‘LEAVE NO ONE BEHIND’: The case for global maternal health action Part 1

in Opinion , Tagged Maternal health, gender equality, Global, Economic.
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    Tara Taubenschlag

    Tara Taubenschlag is the Managing Director of CMAX Advisory and Board Director of Send Hope Not Flowers. She has worked in government relations, communications and journalism for more than 15 years. She helped established the East Timor Free Press Foundation in 2000 following the independence referendum, and has received an Australian Government Award in recognition for her volunteer services in East Timor. Tara is part of the Founding Committee of ‘Women in Media’ Canberra.

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Opinion:

Every two minutes, somewhere in the world, a woman dies from complications due to pregnancy and childbirth. In this two part series, Tara Taubenschlag focuses on the need to address maternal mortality rates in conjunction with the broader gender equality measures.


Every two minutes, somewhere in the world, a woman dies from complications due to pregnancy and childbirth. That’s more than 300,000 women each year. 99 per of these deaths are preventable, and 98 per cent of deaths occur in developing countries.

These women are the backbone of their communities. They are not only mothers; they are often the teachers, health care providers and leaders in their communities. Further, as the Women’s Economic Empowerment report emphasises, women’s participation in all spheres of life is essential to sustainable and durable peace and to the realisation of human rights. When a mother dies during childbirth, it has a profound impact on the entire community.

The highly-anticipated second report , ‘Leave no one behind: A call to action for gender equality and women’s economic empowerment’ of the United Nations Secretary-General’s High-Level Panel on Women’s Economic Empowerment was released in March 2017. The report identifies practical actions for taking the economic agenda forward.

As UN Secretary-General António Guterres higlights: “Women’s economic empowerment is at the heart of the 2030 Agenda. We will not achieve the Sustainable Development Goals if there is no accelerated action to empower women economically.”

The report stresses that while over the past two decades there has been some progress in closing gender inequalities in education, there still is much to do to achieve the full and equal participation of women in society and in the economy.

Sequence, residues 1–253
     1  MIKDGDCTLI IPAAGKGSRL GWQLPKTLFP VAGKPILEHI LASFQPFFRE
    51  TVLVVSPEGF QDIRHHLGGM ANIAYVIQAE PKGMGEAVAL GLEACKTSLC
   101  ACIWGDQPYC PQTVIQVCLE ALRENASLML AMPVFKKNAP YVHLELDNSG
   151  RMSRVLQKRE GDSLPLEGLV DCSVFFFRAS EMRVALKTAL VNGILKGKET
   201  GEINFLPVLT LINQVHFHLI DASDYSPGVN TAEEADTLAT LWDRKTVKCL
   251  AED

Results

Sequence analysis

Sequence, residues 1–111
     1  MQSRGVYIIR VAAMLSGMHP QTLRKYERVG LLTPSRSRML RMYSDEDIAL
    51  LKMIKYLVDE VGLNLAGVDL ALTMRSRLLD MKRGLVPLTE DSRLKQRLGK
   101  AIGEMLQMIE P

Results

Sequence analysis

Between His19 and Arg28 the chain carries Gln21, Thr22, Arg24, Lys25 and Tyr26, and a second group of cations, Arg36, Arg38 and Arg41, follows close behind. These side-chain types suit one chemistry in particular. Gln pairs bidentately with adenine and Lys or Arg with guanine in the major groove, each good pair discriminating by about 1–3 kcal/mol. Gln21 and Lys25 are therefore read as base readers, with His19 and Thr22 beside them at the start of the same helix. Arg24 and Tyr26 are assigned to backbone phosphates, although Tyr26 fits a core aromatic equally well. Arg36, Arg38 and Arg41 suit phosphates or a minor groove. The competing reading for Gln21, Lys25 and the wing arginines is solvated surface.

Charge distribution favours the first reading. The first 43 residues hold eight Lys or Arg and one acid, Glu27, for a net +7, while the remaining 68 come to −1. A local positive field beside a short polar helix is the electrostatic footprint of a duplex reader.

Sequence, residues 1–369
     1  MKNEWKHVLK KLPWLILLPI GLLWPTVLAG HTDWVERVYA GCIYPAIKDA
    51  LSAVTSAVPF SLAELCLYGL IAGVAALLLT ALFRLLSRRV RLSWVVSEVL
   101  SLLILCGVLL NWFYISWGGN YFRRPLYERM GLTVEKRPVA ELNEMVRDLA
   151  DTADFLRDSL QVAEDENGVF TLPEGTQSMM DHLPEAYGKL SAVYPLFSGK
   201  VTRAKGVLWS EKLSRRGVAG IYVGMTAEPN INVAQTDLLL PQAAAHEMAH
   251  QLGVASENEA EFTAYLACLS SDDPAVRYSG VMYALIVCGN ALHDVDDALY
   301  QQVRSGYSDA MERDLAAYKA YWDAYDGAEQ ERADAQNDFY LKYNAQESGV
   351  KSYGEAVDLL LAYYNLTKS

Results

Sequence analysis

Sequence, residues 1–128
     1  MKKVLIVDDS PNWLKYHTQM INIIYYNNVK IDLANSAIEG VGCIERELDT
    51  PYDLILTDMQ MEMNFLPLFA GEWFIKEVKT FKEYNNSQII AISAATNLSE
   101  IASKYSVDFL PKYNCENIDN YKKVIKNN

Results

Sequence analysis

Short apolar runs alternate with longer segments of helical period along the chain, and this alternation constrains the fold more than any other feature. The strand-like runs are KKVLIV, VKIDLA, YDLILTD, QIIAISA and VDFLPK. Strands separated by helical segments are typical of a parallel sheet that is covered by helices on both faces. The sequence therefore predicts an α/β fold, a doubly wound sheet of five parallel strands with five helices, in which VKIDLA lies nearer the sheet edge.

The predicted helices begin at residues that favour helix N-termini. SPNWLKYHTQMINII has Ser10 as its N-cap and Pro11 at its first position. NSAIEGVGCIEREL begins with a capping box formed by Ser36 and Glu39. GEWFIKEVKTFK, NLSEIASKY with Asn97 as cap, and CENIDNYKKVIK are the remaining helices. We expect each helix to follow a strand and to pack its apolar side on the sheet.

SGD3 & SGD5 – the need to address both equally

Sustainable Development Goal 3 [SDG 3] – reducing maternal mortality rates, has links to Sustainable Development Goal 5 [SDG 5] which aims to achieve gender equality and empower all women and girls by 2030. One of SDG 5’s targets is to ensure universal access to sexual and reproductive health and reproductive rights. According to the Women’s Economic Empowerment report, the World Bank estimates that costs associated with violence against women amount to an estimated three per cent of global GDP due to lost productivity. Meanwhile, approximately 35 per cent of women worldwide are victims of physical and/or sexual violence in their lifetimes.

This could be further complicated by the reinstating and expansion of the Mexico City Policy by the US Administration, also known as the ‘global gag rule’, which will have devastating consequences on the health of women and girls around the globe. Restriction of access to safe family planning violates women’s rights to health, life, education, dignity, and information.

Each year, more than 65 000 women die world-wide as a consequence of unsafe abortion, and over five million women suffer injury, in many cases permanent.

To put this another way, 13 per cent of all deaths in pregnancy are due to unsafe abortions. There is ample evidence that withdrawal of safe termination of pregnancy does not reduce abortion rates, but rather makes it less safe for women. Unintended pregnancy and unsafe abortion kills women and orphans families.

According to the United Nations Department of Economic and Social Affairs, every dollar spent on family planning saves between two and six dollars in that need to be invested in other development goals, such as education, health, water, sanitation, immunisation, malaria, and women’s economic advancement programs.

The Women’s Economic Empowerment report affirms that ‘Women’s economic empowerment is the right thing to do and the smart thing to do’. However, progress requires local and global action by all parts of society to achieve scalable and sustainable change. I challenge the next United Nations Women’s Economic Empowerment report to go one step further, to look at women’s maternal health outcomes in conjunction with their economic empowerment agenda. Because we need concrete action to accelerate progress towards Sustainable Development Goal 3 of reducing global maternal mortality first, in order for women to truly achieve full and equal economic participation… leaving no-one behind.

In the second part of the series, Tara Taubenschlag shares some of the practical measures undertaken to reduce the maternal mortality rate in Papua New Guinea.

 

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Comments

  • Suzy Daley 30/03/2017 11:52am (7 months ago)

    An excellent article highlighting the issues faced by women in developing countries particularly preventable maternal deaths and death and injury due to unsafe abortion practices. Shocking to read that the figures could be as high as 300,000 per year and millions of women permanently injured through unsafe abortions. Should be an issue high on the agenda for all women

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